A Smithsonian Institute archaeologist probably found the fort’s remains, but they were later interpreted by other archaeologists as a garbage dump. This map significantly changes the history of the Yamasee War (1715-1717.)
During the late 1600s and early 1700s French cartographers produced maps of North America that showed an island in the Upper Tennessee River on which was the standard European icon for a fort. What few Tennessee historians and archaeologists, who noticed that symbol, probably presumed that it was the symbol for Native American village.
There were no words similar to Cherokee on these maps. Downstream was the word Hogelogee, which was a branch of the Yuchi People. Upstream from this island were town names mentioned by the chroniclers of the de Soto Expedition such as Tali and Tasqui. The island was named Caskenampo. Tennessee historians assumed that this was an ancient Cherokee word whose meaning was lost, since they assumed that the Cherokees had been in Tennessee for several hundred years. It was not.
Caskenampo is a Koasati word that means, “Many warriors.” This island was probably the location of Coste, which was visited by the de Soto Expedition in July of 1540. It is now called Bussell Island.
There has always been something inexplicable about the French maps of that period. According to history books, the nearest French trading post to eastern Tennessee and western North Carolina were supposedly about 450 miles away. Nevertheless, the French knew the names of tribes and the locations of specific Native American towns on the west side of the Blue Ridge Mountains at a time when the British had few clues what was beyond the mountain tops. The French Broad River in Asheville, NC was named the French Broad River because the French first claimed to discover it.
Nothing but a garbage dump
In 1887 Smithsonian Institute archaeologist, J.W. Emmert, was excavating Native American mounds on Bussell Island, where the Tennessee and Little Tennessee Rivers converge. He was surprised to find what he called “a third diamond-shaped mound” superimposed on the mounds containing Native American artifacts. These are the words that he wrote in his article to the 12th Annual Report of the U. S. Bureau of Ethnology, a division of the Smithsonian Institute:
“Mound No. 2, like No. 1, is on the northern end of the island, but it differs in one very important respect from any other mound so far observed in this region. It has annexed to it a broad and extended terrace of, (Mound) A being the mound proper and B the annex or terrace. It is termed "annex," because it is evident that the mound was first completed and the terrace added afterwards, and not built up with and as a part of the mound.”
Emmert had found a diamond-shaped earthwork on the north central edge of the island that apparently was not constructed by the builders of the mounds. From north to south, it measured 570 ft. From east to west the terrace measured 384 ft.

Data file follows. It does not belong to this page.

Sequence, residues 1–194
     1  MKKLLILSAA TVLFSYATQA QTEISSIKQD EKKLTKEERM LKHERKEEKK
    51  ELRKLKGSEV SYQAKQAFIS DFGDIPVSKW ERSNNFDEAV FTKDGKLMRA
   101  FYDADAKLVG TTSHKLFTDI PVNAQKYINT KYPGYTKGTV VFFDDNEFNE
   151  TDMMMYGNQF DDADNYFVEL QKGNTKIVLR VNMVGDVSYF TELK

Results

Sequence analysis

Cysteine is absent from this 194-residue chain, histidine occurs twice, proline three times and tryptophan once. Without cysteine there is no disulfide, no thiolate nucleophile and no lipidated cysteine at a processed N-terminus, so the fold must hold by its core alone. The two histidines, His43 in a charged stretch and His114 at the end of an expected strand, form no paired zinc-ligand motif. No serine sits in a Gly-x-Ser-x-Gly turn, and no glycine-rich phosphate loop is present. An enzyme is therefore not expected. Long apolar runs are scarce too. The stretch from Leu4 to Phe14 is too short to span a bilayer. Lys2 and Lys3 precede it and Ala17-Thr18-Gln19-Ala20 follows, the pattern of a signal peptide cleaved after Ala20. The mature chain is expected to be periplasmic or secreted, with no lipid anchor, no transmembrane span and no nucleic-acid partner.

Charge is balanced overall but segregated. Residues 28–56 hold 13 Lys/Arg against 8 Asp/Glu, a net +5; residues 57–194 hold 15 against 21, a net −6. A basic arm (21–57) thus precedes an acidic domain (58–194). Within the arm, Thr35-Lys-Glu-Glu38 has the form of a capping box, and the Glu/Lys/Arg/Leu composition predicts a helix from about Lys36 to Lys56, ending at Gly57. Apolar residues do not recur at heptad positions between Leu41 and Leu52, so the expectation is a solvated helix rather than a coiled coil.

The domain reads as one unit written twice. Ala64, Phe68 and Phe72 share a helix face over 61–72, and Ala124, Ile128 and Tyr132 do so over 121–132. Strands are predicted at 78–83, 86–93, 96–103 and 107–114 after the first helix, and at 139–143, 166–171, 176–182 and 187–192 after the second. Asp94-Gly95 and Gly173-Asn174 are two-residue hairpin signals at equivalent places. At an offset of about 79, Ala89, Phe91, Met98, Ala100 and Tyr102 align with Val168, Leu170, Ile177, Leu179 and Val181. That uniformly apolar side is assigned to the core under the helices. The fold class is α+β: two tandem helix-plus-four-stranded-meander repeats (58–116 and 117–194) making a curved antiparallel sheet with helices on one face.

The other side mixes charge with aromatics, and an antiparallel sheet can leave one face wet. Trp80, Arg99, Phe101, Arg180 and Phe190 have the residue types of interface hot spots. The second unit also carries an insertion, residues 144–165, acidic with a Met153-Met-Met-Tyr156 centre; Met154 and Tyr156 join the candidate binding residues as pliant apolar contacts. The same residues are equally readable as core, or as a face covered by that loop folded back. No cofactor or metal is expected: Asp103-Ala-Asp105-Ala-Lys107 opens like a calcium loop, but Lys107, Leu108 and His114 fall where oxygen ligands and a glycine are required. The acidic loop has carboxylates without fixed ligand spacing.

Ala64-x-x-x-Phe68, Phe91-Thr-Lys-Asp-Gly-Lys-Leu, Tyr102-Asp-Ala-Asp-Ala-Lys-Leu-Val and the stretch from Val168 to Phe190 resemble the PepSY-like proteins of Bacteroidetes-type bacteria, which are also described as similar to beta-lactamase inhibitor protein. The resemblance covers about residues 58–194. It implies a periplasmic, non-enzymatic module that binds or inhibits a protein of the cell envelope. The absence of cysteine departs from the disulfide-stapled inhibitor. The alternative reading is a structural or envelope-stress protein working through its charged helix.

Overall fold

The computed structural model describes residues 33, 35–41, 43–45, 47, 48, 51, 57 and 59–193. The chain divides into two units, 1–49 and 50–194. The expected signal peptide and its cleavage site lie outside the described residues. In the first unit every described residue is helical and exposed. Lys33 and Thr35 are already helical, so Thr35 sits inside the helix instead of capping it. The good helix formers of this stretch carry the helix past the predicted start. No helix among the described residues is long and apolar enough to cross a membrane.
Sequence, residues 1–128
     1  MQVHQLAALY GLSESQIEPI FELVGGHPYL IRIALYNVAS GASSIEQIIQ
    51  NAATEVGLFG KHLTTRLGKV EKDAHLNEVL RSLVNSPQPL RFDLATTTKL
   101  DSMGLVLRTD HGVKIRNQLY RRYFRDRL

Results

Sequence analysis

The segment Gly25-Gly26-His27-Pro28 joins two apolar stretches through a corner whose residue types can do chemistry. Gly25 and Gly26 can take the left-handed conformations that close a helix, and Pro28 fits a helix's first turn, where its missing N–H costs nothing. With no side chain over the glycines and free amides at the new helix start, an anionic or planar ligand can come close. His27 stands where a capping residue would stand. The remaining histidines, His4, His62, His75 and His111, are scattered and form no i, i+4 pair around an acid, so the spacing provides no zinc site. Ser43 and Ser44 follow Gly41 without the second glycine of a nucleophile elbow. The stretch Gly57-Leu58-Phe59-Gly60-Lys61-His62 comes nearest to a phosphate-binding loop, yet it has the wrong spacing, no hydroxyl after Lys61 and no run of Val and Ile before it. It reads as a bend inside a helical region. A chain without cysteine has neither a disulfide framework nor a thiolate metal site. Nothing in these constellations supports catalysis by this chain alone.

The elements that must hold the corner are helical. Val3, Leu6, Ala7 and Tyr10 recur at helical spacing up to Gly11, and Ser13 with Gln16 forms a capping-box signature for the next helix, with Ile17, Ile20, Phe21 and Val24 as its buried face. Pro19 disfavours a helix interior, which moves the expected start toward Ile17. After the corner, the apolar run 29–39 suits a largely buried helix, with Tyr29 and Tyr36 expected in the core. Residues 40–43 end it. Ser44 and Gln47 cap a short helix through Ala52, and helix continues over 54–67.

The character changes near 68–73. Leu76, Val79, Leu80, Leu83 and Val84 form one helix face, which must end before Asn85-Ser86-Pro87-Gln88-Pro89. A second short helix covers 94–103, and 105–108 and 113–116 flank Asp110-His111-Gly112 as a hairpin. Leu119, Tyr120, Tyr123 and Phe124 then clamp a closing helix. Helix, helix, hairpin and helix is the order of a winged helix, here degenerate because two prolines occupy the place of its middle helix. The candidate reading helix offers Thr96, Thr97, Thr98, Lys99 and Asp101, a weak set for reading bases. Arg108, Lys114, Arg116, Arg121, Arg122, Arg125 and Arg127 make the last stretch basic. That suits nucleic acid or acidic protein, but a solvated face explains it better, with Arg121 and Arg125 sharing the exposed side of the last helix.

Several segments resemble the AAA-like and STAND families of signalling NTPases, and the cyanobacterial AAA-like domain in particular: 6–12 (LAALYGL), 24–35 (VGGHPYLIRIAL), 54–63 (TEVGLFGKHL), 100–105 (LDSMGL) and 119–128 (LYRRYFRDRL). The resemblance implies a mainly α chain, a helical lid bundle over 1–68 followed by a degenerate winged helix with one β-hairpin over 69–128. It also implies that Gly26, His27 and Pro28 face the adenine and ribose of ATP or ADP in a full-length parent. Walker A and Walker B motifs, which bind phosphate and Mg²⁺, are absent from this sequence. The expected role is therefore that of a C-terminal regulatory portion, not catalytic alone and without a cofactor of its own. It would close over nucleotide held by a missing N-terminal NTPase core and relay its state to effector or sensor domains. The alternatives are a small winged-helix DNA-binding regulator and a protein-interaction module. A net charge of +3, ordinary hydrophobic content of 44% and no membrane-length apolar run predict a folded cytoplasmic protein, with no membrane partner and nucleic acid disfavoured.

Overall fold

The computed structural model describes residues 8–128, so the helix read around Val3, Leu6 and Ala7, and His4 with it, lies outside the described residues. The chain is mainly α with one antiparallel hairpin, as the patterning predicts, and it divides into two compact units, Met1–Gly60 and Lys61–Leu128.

He found European artifacts near the surface of the terrace, but cast them aside because he assumed that they belonged to the 1800s or late 1700s. Then, he examined the edge of this diamond and came upon a surprise:
“The remains of quite a number of posts were found; these had evidently been set perpendicularly in the surface of the mound when the clay stratum formed the covering. Some of these were nearly or quite 18 inches in diameter, others not more than three inches. They were all about on the same level. The upper ends of all were charred, showing that they had been burned off; hence no estimate of their original height could be made.”
The edge of the diamond was defined by lines of timber posts. The palisade wall would have been inside some of the mounds. That did not seem to be the walls of a village. Emmert found a eight feet diameter hole that had been dug through the fill dirt of the terrace. It was filled with debris, charcoal and broken pottery. It seemed quite strange that the builders of the terrace would have dumped garbage in the middle of a plaza. He was perplexed, but went on to other mounds and graves to excavate. On Bussell Island were round graves in which the bodies were buried on their side and then curved around the grave walls. This custom seemed to have been only followed in the immediate area around the island.
In the decades that followed J.W, Emmert’s work, more sophisticated archaeologists occasionally examined his brief report in Annual Report No. 12. The same booklet was the first to report the controversial Bat Creek Stone. J. W. Emmert wrote that report, but did not personally claim to find the stone. The experts decided that the entire terrace was merely alluvial soil built of by the accumulated of garbage and debris over the centuries.
One of the first projects planned by the Tennessee Valley Authority (TVA) after its creation in 1935 was the Fort Loudon Dam. It is located on the northwestern edge of Bussell Island. A considerable amount of soil was disturbed on the island during construction. There were some archaeological surveys in advance of the filling of its reservoir, but most of those efforts were not on Bussell Island. The project was completed in 1940. An abundance of cheap electricity spurred an industrial boom in the region.